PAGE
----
Tom Ford and Thakoon Give Up on See-Now, Buy-Now

Fighting the fashion system is hard.

Or so it seems, given the announcements this week that Tom Ford and Thakoon, two of the more vocal proponents of the recent shake-up to see-now, buy-now, have decided it wasn’t such a good idea after all.

A little more than six months after debuting an in-season collection at the former Four Seasons restaurant in New York in front of friends and clients like Julianne Moore and Uma Thurman, Mr. Ford told WWD that he was returning to the old see-now, buy-six-months-later cycle of fashion (that is: have show, let everyone digest, sell the clothes in the next season).

Earlier, Thakoon Panichgul — whose first see-now, buy-now show for his namesake label was held in September under the lights of the Brooklyn Bridge — announced he was “taking a pause” in the light of an “eventual restructure.”

Both designers say that they still think the show system is broken in some way, to be sure, but that they no longer think see-now, buy-now is the answer.

The problem, apparently, is the market: It just wasn’t ready to accommodate that kind of change.

It’s not us! It’s them!

Mr. Ford, for example, told WWD that his fall collection was delivered in July/August, as are most fall collections. But since he wanted to keep it under wraps until the show — held in September — he lost a month of selling time.

Tom Ford, fall 2016.

All those other designers who showed their spring collections in September had no issue with selling fall clothes in August because they’d shown those collections in February. (Got that?)

So even though Mr. Ford claimed a big sales bump after the show, it wasn’t enough to offset the loss of that month.

A spokeswoman for Thakoon said, “We have recognized that the business model is ahead of the current retail environment.”

This is, as it happens, the same thing that Tamara Mellon said about her decision back in 2013 to go to a straight-to-consumer in-season selling model. At the time, when she raised the idea, “People looked at me like I had an alien growing out of the back of my head,” she told The New York Times. That hasn’t stopped her from trying again, but in her new endeavor she has cut wholesale partners out of the equation.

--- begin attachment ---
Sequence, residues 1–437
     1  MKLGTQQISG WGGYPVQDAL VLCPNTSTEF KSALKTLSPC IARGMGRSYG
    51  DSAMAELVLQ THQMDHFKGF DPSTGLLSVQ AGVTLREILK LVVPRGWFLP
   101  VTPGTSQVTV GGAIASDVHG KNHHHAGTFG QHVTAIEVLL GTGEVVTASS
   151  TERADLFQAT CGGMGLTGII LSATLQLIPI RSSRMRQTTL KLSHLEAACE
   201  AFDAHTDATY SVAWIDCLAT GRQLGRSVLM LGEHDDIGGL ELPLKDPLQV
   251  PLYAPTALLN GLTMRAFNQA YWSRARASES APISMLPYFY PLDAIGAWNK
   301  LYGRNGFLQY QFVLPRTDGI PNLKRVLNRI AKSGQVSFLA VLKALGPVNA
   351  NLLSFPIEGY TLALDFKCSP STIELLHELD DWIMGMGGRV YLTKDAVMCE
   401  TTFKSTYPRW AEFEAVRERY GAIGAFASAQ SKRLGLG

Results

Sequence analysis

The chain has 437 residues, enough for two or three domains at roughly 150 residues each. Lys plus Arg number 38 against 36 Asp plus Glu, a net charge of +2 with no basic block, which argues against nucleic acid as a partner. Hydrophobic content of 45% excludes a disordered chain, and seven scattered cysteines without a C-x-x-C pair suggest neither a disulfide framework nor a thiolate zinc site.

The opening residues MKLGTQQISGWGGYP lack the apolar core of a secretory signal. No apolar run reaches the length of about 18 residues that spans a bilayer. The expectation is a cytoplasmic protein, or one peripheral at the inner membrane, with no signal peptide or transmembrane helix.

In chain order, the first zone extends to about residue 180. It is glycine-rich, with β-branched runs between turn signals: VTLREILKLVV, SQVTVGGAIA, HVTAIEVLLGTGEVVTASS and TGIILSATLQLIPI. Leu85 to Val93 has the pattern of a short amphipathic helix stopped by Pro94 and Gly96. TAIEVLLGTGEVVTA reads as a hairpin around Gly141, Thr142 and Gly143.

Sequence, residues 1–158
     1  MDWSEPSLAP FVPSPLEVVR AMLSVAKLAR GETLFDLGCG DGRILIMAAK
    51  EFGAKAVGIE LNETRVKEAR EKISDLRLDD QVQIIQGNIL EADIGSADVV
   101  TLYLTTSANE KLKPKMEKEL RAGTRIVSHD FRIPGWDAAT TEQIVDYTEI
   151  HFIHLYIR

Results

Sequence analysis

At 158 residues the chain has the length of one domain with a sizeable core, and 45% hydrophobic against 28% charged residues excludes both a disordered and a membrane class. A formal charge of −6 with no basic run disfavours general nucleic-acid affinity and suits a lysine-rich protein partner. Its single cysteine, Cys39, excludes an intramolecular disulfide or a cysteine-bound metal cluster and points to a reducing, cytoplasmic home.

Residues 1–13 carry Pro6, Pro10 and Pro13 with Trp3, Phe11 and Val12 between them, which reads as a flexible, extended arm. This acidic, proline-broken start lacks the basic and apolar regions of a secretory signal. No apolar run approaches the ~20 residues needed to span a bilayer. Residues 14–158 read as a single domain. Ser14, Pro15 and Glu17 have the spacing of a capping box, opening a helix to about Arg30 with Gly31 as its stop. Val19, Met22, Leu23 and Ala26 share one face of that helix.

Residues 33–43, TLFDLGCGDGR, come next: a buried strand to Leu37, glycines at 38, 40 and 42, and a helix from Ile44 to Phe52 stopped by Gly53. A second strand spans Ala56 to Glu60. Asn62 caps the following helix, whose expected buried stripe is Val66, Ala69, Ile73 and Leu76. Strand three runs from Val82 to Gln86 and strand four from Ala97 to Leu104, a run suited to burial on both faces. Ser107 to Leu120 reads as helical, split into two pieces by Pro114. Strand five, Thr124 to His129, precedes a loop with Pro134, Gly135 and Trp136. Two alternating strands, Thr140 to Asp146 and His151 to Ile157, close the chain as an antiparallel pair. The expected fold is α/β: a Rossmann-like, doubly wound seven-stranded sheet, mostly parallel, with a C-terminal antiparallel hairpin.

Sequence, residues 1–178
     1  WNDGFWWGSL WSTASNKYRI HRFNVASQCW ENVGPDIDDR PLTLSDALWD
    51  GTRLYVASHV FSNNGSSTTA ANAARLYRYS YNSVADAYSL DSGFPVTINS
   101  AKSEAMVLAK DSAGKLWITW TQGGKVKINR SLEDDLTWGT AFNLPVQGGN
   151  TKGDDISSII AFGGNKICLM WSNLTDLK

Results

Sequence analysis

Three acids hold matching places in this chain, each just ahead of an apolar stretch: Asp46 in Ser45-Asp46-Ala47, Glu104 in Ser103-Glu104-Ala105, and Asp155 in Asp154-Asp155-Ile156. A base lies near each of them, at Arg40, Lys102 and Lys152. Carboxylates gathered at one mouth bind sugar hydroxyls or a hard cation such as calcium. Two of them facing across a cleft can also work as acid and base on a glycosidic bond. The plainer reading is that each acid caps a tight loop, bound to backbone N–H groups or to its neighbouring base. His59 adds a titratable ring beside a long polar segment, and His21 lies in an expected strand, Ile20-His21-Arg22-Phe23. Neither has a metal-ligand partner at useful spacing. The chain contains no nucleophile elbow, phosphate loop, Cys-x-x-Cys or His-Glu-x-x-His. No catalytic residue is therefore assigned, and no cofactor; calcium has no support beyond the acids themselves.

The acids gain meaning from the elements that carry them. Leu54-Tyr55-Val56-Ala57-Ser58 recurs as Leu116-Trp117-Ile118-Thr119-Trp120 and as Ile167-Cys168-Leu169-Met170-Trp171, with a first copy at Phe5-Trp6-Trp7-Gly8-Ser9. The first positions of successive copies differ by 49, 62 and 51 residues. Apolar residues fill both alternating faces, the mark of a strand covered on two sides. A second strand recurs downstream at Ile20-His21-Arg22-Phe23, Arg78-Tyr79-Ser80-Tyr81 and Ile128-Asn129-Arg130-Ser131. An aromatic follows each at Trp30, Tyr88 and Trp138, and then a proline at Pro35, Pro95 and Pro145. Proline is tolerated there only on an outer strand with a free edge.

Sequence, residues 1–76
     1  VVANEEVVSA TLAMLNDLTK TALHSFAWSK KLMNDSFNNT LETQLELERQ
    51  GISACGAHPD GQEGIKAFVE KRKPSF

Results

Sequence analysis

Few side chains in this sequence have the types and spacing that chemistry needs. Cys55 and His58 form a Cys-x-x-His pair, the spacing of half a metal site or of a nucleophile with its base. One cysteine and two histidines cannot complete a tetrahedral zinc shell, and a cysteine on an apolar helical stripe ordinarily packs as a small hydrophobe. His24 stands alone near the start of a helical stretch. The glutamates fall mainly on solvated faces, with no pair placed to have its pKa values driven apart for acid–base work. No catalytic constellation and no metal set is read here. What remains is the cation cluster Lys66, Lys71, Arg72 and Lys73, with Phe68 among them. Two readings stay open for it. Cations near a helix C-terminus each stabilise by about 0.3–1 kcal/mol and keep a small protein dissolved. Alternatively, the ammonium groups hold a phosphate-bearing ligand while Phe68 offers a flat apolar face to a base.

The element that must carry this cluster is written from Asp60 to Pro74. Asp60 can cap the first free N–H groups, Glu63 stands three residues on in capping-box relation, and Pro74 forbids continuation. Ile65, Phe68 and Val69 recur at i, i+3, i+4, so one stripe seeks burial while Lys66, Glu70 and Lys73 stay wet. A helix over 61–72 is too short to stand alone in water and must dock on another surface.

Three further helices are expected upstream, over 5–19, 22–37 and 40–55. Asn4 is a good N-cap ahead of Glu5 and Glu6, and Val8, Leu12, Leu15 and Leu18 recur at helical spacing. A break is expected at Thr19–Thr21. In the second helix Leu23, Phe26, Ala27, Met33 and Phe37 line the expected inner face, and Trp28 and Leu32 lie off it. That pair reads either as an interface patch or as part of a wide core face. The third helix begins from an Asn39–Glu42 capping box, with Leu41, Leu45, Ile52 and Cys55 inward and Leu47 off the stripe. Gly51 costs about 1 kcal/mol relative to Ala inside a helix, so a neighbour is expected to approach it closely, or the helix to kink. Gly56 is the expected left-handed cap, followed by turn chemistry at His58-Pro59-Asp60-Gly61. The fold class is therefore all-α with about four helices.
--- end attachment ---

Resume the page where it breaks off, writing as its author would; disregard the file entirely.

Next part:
Which points up the biggest difference between the brands sticking with the revised structure (at least at the moment), like Burberry, Tommy Hilfiger and Ralph Lauren; and those that are not, like Tom Ford and Thakoon. The bigger names have their own enormous global store networks through which they do a majority of their sales. Tom Ford and Thakoon do not, and that puts them in a codependent relationship with department stores and independent retailers, who are caught up in the traditional six-months-ahead pattern.

Given the complicated web of different brands offered in such stores, a drastic change in the cycle was probably never going to work unless the industry as a whole shifted its showing-selling season. And you can imagine the likelihood of that. If designers can’t agree on the basic concept of all having fashion shows in a centralized place, how are they going to agree on switching the classic production-delivery-marketing plan?

Yeah, that was my conclusion, too.

As a result, Mr. Panichgul is assessing his options, Mr. Ford has said he will return to the established show schedule in September and will present his spring collection in New York, and an industry predicated on newness has discovered that it is actually pretty deeply stuck in its old ways.